If upgrading all the systems in your organization isn't feasible, do the upgrade in stages, concentrating on the most exposed systems first.

#7: Manage passwords sloppily

Although multifactor authentication (smart cards, biometrics) is becoming more popular, most organizations still depend on user names and passwords to log onto the network. Bad password policies and sloppy password management create a weak link that can allow attackers to invade your systems with little technical skill needed.

Require lengthy, complex passwords (or better, passphrases), require users to change them frequently, and don't allow reuse of the same passwords over and over. Enforce password policies through Windows group policy or third-party products. Ensure that users are educated about the necessity to keep passwords confidential and are forewarned about the techniques that social engineers may use to discover their passwords.

If at all possible, implement a second authentication method (something you have or something you are) in addition to the password or PIN (something you know).

#8: Try to please all the people all of the time

Network administration isn't the job for someone who needs to be liked by everyone. You'll often be setting down and enforcing rules that users don't like. Resist the temptation to make exceptions ("Okay, we'll configure the firewall to allow you to use instant messaging since you asked so nicely.")

It's your job to see that users have the access they need to do their jobs -- and no more.

#9: Don't try to please any of the people any of the time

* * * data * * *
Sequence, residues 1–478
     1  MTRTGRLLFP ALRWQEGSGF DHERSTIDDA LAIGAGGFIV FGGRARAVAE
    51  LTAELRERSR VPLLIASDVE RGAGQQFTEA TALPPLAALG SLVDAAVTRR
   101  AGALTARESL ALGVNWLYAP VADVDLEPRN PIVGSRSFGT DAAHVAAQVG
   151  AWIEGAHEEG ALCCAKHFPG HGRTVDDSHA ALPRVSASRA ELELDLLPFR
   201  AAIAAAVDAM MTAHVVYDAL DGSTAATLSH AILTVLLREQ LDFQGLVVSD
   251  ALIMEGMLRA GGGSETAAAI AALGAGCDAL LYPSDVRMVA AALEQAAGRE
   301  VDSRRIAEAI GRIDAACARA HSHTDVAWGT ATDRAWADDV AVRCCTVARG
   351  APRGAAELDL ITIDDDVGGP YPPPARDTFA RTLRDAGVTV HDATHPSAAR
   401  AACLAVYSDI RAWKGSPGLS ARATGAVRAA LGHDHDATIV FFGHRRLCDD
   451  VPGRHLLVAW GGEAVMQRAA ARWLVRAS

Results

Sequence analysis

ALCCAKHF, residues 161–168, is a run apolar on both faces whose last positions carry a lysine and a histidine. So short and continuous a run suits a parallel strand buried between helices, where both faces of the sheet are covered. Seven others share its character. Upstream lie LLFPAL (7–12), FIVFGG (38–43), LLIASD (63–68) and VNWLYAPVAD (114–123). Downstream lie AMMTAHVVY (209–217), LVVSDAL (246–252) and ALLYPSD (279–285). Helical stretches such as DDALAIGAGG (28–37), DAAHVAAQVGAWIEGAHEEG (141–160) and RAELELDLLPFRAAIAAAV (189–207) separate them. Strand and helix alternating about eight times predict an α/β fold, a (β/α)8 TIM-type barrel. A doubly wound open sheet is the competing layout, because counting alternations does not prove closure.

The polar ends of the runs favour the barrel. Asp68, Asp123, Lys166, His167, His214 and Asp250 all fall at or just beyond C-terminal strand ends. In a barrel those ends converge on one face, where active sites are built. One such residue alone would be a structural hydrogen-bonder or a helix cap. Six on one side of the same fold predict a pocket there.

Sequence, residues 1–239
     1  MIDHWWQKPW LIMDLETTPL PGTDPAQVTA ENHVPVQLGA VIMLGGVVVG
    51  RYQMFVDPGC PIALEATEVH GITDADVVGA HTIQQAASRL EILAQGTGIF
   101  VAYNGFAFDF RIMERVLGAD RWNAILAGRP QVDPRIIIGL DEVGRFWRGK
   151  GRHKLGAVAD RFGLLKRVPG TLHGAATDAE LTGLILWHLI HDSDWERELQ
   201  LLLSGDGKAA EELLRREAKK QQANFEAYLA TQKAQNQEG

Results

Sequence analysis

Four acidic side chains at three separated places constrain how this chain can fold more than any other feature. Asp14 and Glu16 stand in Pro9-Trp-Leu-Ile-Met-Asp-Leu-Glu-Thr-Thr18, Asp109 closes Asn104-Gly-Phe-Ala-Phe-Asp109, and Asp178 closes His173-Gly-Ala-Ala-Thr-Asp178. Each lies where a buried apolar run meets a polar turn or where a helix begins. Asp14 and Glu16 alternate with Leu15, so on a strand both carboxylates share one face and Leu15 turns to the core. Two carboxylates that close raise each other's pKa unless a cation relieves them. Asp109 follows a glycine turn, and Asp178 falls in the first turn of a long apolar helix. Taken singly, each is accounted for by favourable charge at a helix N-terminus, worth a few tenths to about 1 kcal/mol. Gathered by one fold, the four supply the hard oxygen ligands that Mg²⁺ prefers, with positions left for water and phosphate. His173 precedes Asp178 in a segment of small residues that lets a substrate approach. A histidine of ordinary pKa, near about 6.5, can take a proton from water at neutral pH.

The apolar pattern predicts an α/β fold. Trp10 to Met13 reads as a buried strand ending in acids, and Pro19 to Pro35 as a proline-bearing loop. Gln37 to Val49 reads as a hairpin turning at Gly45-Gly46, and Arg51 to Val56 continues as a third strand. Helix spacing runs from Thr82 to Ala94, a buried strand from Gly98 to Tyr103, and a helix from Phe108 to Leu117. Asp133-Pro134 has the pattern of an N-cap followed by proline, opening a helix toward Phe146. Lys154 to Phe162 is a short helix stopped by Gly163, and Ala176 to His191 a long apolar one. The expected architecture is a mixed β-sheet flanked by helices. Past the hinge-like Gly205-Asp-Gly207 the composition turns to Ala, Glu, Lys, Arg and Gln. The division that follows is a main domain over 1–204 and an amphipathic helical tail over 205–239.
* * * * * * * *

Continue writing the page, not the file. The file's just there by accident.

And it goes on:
Just as it's important to stand your ground when the security or integrity of the network is at stake, it's also important to listen to both management and your users, find out what they do need to do their jobs, and make it as easy for them as you can--within the parameters of your mission (a secure and reliable network).

Don't lose sight of the reason the network exists in the first place: so that users can share files and devices, send and receive mail, access the Internet, etc. If you make those tasks unnecessarily difficult for them, they'll just look for ways to circumvent your security measures, possibly introducing even worse threats.

#10: Make yourself indispensable by not training anyone else to do your job

This is a common mistake throughout the business world, not just in IT. You think if you're the only one who knows how the mail server is configured or where all the switches are, your job will be secure. This is another reason some administrators fail to document the network configuration and changes.

The sad fact is: no one is indispensable. If you got hit by a truck tomorrow, the company would go on. Your secrecy might make things a lot more difficult for your successor, but eventually he or she will figure it out.

In the meantime, by failing to train others to do your tasks, you may lock yourself into a position that makes it harder to get a promotion... or even take a vacation.